[Picture of Lane filled with rubbish bags]The bins are collected each and every Monday morning, allegedly. Remember this is a Tuesday evening stroll — and what do I see down a lane? that’s right — uncollected rubbish. It seems that a bin lorry (woups, I mean a refuse collecting crew) had arrived early on Monday afternoon, the wheelie bins and bags were put in the lane, but then the lorry went away without the second part of the process being completed. Mind you, I wouldn’t like to go down that lane, even though a lot of small children play there, the lane is used by local dog-owners as a dog toilet.

Rubbish at the Front

[Picture of street litter][Picture of street litter]Turning the camera from the lane, looking down the pavement I was amazed to see rubbish on the pavement for the official uplift on Thursday afternoon. What on earth is going on? Have they changed the uplift day I wondered; this was NOT an isolated case.

  • I was recently told that the reason why people have to put furniture and other non-bin rubbish on the pavement for council uplift is because the council wants to encourage recycling! What a bizarre idea!

There is a school crossing nearby that just amazes me — because it is an incredible example of bizarre traffic management. There is always something worthwhile going on, so I just had to take a look on my way back from the shops.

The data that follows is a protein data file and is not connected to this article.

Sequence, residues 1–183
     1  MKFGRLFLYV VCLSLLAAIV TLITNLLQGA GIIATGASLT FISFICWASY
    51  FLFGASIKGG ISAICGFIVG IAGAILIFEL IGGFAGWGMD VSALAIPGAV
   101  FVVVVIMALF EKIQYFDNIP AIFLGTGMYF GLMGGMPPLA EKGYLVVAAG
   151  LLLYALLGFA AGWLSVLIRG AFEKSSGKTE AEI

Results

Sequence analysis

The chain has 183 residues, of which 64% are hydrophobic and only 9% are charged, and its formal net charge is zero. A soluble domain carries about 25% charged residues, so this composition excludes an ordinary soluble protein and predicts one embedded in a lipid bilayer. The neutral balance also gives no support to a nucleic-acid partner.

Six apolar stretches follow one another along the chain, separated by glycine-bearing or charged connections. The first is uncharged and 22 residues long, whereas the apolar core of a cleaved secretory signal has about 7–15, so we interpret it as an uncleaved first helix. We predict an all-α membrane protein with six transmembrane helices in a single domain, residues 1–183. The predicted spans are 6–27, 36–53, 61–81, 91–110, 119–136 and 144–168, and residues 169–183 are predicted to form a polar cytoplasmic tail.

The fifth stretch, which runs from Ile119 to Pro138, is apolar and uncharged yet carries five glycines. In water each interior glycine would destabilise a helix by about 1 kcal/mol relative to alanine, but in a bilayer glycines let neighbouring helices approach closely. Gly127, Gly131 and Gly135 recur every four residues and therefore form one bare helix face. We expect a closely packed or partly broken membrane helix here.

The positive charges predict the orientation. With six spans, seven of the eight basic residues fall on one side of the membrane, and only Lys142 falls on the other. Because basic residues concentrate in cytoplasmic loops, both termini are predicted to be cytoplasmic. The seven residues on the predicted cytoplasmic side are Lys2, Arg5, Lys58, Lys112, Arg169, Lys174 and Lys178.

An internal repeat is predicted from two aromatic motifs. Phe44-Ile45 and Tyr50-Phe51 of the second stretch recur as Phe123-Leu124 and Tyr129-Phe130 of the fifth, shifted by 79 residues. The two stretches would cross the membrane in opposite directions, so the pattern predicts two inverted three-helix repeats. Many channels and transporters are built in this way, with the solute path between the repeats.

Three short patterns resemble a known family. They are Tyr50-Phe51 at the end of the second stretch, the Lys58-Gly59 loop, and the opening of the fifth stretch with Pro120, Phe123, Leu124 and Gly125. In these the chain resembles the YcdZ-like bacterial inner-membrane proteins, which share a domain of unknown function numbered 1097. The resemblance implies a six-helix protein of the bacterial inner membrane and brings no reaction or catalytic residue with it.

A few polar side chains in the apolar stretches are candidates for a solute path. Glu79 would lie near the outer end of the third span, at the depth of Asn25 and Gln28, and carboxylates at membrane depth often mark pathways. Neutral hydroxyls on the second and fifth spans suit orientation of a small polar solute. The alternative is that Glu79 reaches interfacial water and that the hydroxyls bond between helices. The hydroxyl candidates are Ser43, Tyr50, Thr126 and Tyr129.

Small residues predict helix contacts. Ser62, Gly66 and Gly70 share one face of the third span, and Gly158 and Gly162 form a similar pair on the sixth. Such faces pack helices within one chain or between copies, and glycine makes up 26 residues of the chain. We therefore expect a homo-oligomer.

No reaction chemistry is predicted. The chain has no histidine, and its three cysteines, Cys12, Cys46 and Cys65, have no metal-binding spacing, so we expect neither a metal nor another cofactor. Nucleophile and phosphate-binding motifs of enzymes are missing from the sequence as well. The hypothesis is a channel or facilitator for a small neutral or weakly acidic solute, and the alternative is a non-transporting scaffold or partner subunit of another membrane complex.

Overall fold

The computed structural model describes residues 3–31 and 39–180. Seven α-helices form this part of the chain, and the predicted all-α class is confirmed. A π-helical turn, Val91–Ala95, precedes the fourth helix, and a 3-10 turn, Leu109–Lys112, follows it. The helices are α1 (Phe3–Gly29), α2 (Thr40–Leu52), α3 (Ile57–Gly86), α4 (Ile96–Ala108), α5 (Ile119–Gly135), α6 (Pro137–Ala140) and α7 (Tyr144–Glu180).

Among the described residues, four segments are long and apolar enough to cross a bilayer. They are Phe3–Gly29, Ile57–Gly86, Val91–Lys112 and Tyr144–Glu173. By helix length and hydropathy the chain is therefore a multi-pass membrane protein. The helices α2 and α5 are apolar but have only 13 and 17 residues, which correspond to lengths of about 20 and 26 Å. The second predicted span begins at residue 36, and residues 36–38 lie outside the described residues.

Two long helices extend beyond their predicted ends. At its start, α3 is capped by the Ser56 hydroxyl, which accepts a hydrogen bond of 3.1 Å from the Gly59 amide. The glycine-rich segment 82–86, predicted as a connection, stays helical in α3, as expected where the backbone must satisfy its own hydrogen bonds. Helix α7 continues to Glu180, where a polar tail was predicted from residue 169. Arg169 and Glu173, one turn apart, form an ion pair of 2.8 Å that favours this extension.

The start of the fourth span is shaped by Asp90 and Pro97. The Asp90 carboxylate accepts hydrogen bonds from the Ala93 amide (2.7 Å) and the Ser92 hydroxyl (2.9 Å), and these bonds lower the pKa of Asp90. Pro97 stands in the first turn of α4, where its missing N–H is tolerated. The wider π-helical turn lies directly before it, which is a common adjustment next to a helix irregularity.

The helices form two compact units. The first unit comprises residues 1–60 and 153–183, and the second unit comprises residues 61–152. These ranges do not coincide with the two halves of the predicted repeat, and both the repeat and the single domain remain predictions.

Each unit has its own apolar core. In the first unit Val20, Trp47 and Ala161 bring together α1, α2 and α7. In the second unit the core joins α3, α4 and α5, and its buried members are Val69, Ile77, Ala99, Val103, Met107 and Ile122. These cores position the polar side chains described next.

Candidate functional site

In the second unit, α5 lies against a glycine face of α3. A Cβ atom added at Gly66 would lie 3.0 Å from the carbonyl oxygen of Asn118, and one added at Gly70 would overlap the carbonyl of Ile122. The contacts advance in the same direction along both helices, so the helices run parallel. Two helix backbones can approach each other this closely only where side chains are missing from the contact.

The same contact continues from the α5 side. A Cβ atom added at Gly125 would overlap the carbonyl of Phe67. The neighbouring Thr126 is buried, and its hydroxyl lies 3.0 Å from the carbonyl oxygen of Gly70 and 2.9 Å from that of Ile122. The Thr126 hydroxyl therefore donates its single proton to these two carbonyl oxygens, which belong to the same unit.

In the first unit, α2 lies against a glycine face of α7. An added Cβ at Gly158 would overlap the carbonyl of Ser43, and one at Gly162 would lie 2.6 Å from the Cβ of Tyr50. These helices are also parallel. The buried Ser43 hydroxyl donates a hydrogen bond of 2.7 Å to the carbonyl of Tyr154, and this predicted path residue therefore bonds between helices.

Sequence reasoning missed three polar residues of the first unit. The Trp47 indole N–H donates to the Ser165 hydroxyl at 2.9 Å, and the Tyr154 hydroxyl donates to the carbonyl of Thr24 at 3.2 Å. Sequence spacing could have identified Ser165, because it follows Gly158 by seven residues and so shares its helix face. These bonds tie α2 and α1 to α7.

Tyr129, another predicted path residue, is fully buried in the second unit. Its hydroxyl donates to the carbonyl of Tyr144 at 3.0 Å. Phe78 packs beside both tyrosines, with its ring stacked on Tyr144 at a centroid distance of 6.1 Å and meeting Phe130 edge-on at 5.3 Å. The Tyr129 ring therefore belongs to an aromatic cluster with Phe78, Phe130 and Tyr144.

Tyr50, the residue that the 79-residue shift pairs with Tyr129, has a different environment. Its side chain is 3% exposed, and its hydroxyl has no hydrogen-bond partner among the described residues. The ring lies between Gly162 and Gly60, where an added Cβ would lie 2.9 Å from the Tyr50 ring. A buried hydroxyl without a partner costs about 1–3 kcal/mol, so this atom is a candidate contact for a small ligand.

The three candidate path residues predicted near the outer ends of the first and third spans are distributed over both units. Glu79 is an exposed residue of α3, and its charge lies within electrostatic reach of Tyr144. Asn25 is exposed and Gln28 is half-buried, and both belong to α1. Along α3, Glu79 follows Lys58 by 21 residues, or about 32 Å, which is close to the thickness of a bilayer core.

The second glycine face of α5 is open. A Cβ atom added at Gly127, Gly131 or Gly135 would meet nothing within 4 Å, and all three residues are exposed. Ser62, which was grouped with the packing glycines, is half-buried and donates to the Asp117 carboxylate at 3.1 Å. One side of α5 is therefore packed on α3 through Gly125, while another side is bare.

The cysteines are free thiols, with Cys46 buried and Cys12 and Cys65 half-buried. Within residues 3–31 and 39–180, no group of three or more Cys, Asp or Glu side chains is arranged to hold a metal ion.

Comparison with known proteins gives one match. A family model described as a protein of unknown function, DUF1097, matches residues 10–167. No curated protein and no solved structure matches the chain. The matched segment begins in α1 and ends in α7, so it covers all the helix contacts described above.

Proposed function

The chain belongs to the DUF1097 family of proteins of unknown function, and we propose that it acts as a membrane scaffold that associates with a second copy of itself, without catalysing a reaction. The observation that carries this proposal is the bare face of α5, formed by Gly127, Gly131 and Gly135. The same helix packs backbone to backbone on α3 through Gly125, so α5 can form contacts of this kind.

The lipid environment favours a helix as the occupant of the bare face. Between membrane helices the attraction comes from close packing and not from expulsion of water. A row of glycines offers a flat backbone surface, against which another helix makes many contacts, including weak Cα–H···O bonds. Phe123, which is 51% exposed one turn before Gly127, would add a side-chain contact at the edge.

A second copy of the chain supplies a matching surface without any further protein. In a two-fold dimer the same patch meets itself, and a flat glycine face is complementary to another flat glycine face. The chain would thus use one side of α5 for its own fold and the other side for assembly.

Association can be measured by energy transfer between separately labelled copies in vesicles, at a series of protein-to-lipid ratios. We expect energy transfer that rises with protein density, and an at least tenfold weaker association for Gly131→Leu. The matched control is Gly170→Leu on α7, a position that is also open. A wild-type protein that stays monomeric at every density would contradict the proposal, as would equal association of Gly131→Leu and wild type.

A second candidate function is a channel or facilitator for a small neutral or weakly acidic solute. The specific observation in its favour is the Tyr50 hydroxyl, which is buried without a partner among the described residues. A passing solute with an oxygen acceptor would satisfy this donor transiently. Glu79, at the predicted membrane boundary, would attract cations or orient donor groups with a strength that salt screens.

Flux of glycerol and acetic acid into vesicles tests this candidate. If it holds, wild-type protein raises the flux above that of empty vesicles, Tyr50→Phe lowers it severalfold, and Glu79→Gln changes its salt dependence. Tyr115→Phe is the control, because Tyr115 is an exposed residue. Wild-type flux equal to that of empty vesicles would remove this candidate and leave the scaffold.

Now remember that school children walk down the pavement and wait to cross Tantallon Road with the help of a crossing assistant. Remember too that this is still just Tuesday and rubbish uplift is on Thursdays — and note that official uplifts do not include refrigerators (they are special cases and have to be uplifted by the council for a fee). Here’s the picture…

[Picture of fridges at school crossing]

Please spend a few moments on this bizarre picture. Note the bin bags (which cannot be uplifted and should be in a wheelie bin) the fridge and freezer (which cannot be uplifted — and which are famous hazards to children playing) . Did you spot the wood sticking out onto the road? Did you notice where the low point is on the pavement — and just look where the council decided to put the drain! This drain is usually blocked too, so the area is often a large puddle around rubbish.

The council fencing means that children going to school are forced to find a path through this assault course!

Poor primary schoolchildren!

The whole damn place is getting worse.

Shawlands is in Glasgow


Yes I do.


And I have a problem with that.

But it is not what you think. The problem is that where-I-live keeps vanishing!

Let me explain: go to and do a search: a “Pub” in “Glasgow” called “The Granary“. Here’s the results I got when I did this

1 results for “Pub” and “The Granary”Matches located in Glasgow or find your nearest
The Granary10, Kilmarnock Rd, Glasgow, Lanarkshire G41 3NH
Tel: 0141 649 0594

Did you notice that Yell have added the wordLanarkshire— they are saying that Glasgow is in Lanarkshire! Glasgow? Are they serious?

Glasgow is not what it once was, but it is still BIG (in fact it is presently the fourth largest city in the entire UK). And it is NOT in Lanarkshire!